It's food month here at OkayAfrica and that means that we'll be exploring different African delicacies, sharing recipes, highlighting the best spots for African cuisine, and dropping quick food videos throughout the month of November, so get your taste buds ready.
No singular cuisine defines any country or region. Culinary scenes are comprised of a mix of influences from indigenous groups, European colonizers as well as ancient trade routes in which we came in contact with Arabic and Indian nomads. There are multiple religious, cultural, historical and topographical factors at play.
Food transcends borders but flavor, my friends, flavor, reigns supreme. Our flavors are complex, bitter, spicy and at times sour but more often than not, they call to mind home.
Africans far and wide are consistently brought together by one thing, FOOD! The quintessential way to enjoy a meal is to do so surrounded by friends and family. With Thanksgiving around the corner, it's only right we put together a list of essential foods you'll find at an African party. Few are the gatherings that don't offer these options.
Please, don't read this on an empty stomach.
Our diets are heavy in meat. Seriously—ask an African vegetarian to tell you the story of when they revealed they were cutting meat from their diets to their parents and listen carefully to how the experience went. Cue the resounding, "How can you be a vegetarian and an African? That is unnatural."
We roast it, we grill it, we pepper it, and we stuff it in pie. Meat isn't just served alone; It's a way to enhance stew or accompany everything else we place in our meals.
Chicken is eaten everywhere. Goat meat is a prevalent red meat and we love our kebabs from spicy suya to brochettes to shoukouya to tankora.
South Africans, Zimbabweans and Namibians enjoy strips of dried and spiced meat called biltong and boerewors or thick sausage. Both are notorious for being great cures to hangovers!
Cabidela is an Angola dish comprised of rabbit and poultry. The Horn of Africa's tibs are a cross between stir fry and stew made with just about any meat you can get your hands on. Moroccan b'Stilla or poultry pie, typically made with pigeon, is legendary and a starter at most festive occasions. Kofta is South Sudanese soul food comprised of meatballs in tomato sauce.
As you would imagine, fish is plentiful along coasts. Our fish is dried, smoked, seasoned to perfection, and can be prepared in even more creative ways. West Africans enjoy poisson braisé and they've even made a song about tilapia.
Angolans live for their fish soup or caldeirada de peixe and calulu, dried fish with vegetables.
You need this bite-sized snack at a special event. West Africans enjoy beignets, bofrot, gbofloto, gnonmi, kala or puff puff.
South Africans have dubbed it vetkoek or fat cake. The people of Mozambique stuff their chamussas with beef. Ethiopians eat sambusas. Mandazi is the swahili coconut doughnut. It really is the perfect little warm and comforting sweet!
They came to us from Asia by way of bartering and colonization and our lives were forever changed!
Whether you refer to them as kelewele, dodo, boli, allocco, banana-pão, or makemba, you understand that joy is ripping open a pack of these chips or the way you feel when the smell of fried plantains grazes your nose and you anticipate them in your belly.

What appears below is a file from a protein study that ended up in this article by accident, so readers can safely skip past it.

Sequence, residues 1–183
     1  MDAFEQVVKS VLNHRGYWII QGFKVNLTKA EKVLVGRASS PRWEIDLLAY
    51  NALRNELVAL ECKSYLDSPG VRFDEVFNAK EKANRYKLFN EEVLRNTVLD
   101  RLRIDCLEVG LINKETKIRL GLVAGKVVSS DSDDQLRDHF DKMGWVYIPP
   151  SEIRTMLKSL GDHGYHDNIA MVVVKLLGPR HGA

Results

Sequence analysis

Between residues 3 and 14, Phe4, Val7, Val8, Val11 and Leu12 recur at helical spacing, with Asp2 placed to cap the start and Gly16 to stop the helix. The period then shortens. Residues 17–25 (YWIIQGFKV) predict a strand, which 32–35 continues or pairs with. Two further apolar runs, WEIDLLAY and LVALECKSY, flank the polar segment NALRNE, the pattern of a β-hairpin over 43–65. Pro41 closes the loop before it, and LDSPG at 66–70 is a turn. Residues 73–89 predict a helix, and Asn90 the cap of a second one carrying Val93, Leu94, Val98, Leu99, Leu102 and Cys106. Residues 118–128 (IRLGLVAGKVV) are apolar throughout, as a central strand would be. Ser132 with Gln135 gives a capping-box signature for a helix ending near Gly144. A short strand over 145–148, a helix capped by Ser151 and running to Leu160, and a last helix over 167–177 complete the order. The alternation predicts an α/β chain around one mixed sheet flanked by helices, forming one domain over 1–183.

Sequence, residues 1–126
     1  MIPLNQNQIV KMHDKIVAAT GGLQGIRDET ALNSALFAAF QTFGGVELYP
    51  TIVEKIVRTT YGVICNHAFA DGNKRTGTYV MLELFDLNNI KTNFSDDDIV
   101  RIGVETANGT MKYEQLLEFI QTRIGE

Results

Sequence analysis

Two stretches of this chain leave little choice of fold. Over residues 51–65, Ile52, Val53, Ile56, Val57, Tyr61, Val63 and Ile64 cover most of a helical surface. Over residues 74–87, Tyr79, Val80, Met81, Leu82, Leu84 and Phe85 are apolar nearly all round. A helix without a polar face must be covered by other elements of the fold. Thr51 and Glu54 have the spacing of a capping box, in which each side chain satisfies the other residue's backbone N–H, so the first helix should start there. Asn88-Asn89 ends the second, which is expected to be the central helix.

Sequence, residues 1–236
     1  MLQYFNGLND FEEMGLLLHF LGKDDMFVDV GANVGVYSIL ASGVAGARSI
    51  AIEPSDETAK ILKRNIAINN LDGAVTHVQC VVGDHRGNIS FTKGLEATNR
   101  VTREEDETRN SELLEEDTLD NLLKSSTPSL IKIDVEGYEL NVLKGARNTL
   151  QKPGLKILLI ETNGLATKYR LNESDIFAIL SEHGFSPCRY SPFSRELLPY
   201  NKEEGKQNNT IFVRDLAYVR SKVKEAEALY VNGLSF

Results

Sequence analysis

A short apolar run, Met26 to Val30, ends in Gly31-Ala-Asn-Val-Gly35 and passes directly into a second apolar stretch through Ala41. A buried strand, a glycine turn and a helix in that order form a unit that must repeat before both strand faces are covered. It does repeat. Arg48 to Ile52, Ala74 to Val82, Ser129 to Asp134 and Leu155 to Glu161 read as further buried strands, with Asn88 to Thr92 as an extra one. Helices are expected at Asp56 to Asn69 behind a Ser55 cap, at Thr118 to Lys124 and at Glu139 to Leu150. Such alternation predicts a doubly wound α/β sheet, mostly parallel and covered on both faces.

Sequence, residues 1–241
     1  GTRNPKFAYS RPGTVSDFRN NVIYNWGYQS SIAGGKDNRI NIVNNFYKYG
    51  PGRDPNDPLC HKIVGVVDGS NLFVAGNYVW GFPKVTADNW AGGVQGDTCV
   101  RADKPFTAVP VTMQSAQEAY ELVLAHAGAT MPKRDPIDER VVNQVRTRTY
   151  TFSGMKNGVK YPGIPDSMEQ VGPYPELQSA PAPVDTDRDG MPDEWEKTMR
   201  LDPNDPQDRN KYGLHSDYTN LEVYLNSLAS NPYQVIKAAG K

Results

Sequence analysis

The life of an African can not be sweet without rice. Don't debate us. Whether yellow, fried or mixed with tomato purée (You see what we did there?) it is the perfect accompaniment to any meal.
Nigerians and Ghanaians will be battling out who has the best jollof rice until the end of time. The Senegalese will stand by as the originators and other West African nations will simply indulge. Senegalese fish and rice or thiéboudienne is a national dish. Burkinabés eat babende, a mix of spinach and rice with fermented locust beans. Arabic Al Kabsa, rice and chicken, has made it's way to many nations. A Swahili coast specialty is Pilau.
Attiéké is a traditional couscous made from ground cassava roots and dubbed one of Ivory Coast's prized possessions.
Couscous, steamed balls of semolina, is pivotal to a Maghrebi home. Coucous, Foofoo, Fufu, Foufou is also cassava or semolina pounded until it has a dough-like consistency. Some of our fondest memories are watching the women in our families perform this exact task.
We love our veggies—when seasoned correctly with a wide array of spices. Tomatoes, onions and chili peppers enrich many dishes.
South Africans chow down on Chakalaka, a simple, spicy dish of onions, tomatoes and often beans. Ethiopians enjoy gomen or collard greens. Kenyan Mukimo is a Kikuyu tribe staple of mashed potatoes and vegetables. Another notable East African salad dish comprised of fresh tomatoes and onions is Kachumbari. Koki is made from cowpeas and a notable Cameroonian dish as is Ndolé, whose main components are stewed nuts and spinach. Nigerians are more inclined to place okra or egusi in their mélanges.
Sauce or Stew
This is very necessary. No ketchup, just sauce!
Ethiopians and Eritreans pair their injera or bread with wat of all kinds. North Africans are satisfied by tanjines. Runtown has informed us if you are Ghanaian, he hopes your love is a sweet as shito.
As you prepare to celebrate the holidays and enjoy the many, many, many meals that will be placed before you, remember:
"Don't take another mouthful before you have swallowed what is in your mouth." -African Proverb
Audrey Lang is an alumna of Northeastern University and a Boston-based site merchandiser. A surveyor of life who's enamored with all things fashion, art and Africa, keep up with her on Instagram and Tumblr.